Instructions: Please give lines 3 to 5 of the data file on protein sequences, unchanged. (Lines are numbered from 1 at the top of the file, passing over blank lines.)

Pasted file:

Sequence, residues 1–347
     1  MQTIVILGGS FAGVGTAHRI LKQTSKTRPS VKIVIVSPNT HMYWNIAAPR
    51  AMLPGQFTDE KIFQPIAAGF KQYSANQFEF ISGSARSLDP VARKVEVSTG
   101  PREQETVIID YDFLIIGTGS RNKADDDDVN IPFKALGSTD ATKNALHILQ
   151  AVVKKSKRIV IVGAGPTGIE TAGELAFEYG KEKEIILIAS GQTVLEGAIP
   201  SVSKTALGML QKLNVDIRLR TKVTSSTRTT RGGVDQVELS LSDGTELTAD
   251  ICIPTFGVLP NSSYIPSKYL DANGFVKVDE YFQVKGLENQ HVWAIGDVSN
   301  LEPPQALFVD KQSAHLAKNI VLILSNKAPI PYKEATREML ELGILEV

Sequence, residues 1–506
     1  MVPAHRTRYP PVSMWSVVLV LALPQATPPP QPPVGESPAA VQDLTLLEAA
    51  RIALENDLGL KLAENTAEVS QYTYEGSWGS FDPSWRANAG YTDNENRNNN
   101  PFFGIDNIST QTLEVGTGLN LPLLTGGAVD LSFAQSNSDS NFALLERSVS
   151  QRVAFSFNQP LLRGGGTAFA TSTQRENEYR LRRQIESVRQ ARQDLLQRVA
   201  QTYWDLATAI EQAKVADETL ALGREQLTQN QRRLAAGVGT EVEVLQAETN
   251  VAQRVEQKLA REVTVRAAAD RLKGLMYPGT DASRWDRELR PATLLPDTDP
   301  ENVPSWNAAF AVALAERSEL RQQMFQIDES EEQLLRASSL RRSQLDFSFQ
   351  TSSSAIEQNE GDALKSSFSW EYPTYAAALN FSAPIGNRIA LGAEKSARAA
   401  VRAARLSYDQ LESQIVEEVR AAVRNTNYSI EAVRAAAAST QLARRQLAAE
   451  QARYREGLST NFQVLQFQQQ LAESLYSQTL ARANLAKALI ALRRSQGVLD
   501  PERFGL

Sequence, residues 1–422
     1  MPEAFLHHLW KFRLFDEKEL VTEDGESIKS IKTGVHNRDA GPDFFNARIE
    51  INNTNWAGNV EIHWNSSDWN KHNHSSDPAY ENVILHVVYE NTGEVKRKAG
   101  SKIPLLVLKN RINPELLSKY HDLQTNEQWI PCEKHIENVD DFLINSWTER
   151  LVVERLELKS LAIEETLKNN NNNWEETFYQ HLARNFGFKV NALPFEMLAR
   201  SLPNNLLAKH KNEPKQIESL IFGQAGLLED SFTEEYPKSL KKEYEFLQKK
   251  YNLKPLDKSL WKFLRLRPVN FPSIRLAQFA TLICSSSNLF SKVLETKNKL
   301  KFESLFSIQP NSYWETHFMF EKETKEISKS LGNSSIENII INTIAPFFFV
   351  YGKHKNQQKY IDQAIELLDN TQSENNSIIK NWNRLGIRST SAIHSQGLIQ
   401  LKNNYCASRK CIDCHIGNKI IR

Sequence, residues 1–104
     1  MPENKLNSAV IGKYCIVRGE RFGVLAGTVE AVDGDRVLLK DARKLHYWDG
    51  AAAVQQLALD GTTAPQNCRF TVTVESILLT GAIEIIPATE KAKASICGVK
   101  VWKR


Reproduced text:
    51  AMLPGQFTDE KIFQPIAAGF KQYSANQFEF ISGSARSLDP VARKVEVSTG
   101  PREQETVIID YDFLIIGTGS RNKADDDDVN IPFKALGSTD ATKNALHILQ
   151  AVVKKSKRIV IVGAGPTGIE TAGELAFEYG KEKEIILIAS GQTVLEGAIP